If this is now the standard in international law which the United States and the United Nations are applying to rogue leaders like the former Yugoslavian president, Slobodan Milosevic what does it mean for Washington? The rulings of the Nuremberg and Hague tribunals don't directly bind the United States at home. But given that these institutions were created with the support and approval of the United States, their judgments will be difficult for American officials to disown.

American courts have already accepted the doctrine of command responsibility. In July 2002, for example, a federal court in Miami found two retired Salvadoran generals liable for torture even though neither man had committed or ordered the crimes in question. The jury held that they were nonetheless guilty, since as El Salvador's minister of defense and head of its national guard at the time of the torture, they knew (or should have known) about it and could have stopped it.

For their part, Secretary of Defense Donald Rumsfeld and other Pentagon officials recently told Congress that they didn't know and couldn't have known about a few instances of sexual abuse in Iraq. But this claim is contradicted by the officer formerly in charge of Abu Ghraib, who has said that her superiors were warned about the abuses months before they were exposed. And the Red Cross documented widespread abuses in Iraq last year and raised them with the White House in January.

Moreover, the abuses seem to have been more than isolated actions. Instead, they now appear to be part of an explicit policy of coercive interrogations conducted around the globe and supported by Justice Department and White House lawyers, who argued in 2002 and 2003 that the Geneva Conventions and other domestic and international bans on torture did not apply in these cases.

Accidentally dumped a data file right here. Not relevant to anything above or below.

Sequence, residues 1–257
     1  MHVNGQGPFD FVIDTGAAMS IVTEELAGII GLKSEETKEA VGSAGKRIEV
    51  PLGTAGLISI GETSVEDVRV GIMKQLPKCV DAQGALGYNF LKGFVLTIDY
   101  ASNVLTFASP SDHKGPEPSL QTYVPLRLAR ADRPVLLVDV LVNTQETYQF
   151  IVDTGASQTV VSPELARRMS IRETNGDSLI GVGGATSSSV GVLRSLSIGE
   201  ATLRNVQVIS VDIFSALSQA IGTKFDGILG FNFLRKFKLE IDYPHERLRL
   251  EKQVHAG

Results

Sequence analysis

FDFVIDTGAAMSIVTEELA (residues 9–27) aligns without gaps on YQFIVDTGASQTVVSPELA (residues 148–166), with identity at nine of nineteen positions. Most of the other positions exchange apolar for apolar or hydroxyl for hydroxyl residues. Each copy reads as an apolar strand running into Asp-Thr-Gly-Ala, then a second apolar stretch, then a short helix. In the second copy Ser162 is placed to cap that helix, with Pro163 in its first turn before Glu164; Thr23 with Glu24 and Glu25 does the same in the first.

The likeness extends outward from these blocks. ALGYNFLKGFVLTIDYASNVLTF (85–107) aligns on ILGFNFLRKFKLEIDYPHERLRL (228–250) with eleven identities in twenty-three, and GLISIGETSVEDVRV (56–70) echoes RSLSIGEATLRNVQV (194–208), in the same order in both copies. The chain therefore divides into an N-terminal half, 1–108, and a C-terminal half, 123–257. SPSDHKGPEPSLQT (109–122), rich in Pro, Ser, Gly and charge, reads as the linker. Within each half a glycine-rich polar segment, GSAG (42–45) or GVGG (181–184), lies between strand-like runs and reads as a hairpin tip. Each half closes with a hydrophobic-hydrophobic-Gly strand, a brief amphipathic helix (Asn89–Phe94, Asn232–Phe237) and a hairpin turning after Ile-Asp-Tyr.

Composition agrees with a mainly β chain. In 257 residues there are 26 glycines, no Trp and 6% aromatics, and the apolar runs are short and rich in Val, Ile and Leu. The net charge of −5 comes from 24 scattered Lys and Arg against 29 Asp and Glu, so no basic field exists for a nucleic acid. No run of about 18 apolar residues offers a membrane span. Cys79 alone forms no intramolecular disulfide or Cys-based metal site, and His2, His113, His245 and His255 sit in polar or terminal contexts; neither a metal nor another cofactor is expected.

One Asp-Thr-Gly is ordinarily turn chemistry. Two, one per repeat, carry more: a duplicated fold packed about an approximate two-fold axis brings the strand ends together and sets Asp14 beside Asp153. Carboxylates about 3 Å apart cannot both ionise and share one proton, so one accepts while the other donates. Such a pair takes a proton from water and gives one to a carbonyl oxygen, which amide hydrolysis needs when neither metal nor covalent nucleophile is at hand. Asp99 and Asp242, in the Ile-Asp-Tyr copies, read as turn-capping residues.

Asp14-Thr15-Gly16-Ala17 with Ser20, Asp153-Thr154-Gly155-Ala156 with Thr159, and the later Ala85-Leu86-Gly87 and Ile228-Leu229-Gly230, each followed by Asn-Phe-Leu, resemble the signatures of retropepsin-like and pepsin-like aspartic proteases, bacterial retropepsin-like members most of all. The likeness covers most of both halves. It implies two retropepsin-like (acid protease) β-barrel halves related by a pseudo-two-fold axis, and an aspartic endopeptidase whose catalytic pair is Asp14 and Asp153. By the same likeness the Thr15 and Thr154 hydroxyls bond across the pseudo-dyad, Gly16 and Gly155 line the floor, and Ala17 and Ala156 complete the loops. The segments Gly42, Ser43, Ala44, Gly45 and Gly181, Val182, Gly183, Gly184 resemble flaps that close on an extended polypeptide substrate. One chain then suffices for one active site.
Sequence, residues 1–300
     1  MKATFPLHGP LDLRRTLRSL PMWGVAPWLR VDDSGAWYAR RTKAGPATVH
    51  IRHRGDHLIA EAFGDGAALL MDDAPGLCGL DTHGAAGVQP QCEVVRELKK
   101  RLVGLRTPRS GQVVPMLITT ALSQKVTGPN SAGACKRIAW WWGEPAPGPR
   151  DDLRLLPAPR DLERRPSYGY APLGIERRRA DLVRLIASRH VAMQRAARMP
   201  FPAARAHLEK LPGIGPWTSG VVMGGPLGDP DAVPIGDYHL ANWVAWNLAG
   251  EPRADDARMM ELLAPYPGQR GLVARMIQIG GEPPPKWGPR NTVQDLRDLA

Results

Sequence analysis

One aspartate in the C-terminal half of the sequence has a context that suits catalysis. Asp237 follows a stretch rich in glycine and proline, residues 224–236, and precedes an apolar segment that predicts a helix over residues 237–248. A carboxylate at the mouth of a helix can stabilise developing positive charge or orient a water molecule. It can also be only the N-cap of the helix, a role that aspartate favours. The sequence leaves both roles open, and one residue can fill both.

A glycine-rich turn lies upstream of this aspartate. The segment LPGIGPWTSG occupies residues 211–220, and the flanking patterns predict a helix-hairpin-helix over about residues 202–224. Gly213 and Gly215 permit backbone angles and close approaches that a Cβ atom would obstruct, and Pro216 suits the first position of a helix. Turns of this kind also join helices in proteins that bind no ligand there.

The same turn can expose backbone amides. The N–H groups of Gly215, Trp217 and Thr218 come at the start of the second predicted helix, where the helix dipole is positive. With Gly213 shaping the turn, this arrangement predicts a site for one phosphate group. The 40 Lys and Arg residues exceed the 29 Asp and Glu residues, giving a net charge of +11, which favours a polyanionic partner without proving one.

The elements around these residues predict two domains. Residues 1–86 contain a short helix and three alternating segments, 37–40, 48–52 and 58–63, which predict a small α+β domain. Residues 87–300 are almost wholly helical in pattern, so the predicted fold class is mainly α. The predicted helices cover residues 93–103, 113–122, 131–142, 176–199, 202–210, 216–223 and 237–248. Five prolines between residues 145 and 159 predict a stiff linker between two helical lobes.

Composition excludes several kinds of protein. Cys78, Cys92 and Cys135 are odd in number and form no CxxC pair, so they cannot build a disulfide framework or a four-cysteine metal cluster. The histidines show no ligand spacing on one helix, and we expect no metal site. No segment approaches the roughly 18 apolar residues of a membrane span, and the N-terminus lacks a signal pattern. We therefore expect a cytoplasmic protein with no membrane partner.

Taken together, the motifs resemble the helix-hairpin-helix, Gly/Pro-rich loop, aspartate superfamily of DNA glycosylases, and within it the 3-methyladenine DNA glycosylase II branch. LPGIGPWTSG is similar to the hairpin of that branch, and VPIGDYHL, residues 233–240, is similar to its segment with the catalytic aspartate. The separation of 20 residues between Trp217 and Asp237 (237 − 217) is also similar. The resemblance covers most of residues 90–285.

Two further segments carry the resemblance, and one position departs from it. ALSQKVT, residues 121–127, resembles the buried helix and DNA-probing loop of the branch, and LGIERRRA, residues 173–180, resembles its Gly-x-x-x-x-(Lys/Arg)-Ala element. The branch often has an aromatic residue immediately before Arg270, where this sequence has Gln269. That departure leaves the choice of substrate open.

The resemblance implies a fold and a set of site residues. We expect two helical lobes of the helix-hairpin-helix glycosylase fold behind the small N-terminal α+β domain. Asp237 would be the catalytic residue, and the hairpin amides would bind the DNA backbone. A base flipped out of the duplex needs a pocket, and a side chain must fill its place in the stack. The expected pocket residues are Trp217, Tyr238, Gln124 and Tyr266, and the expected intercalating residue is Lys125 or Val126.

Of course, despite all the incriminating evidence, there is little possibility that any foreign or domestic judge will ever haul top members of the current administration into court. The question of guilt or innocence will most likely remain a political one.

Nonetheless, legal principles can affect politics. If voters begin to believe that George W. Bush or Donald Rumsfeld is legally responsible for the torture, it could affect the president's chances in November. Yet if American officials are not held legally accountable, the damage abroad could be even more severe. Part of the terrible legacy of Abu Ghraib may be that the United States will find it difficult to prosecute foreign war criminals if it refuses to accept for itself the legal standards it accuses them of breaking.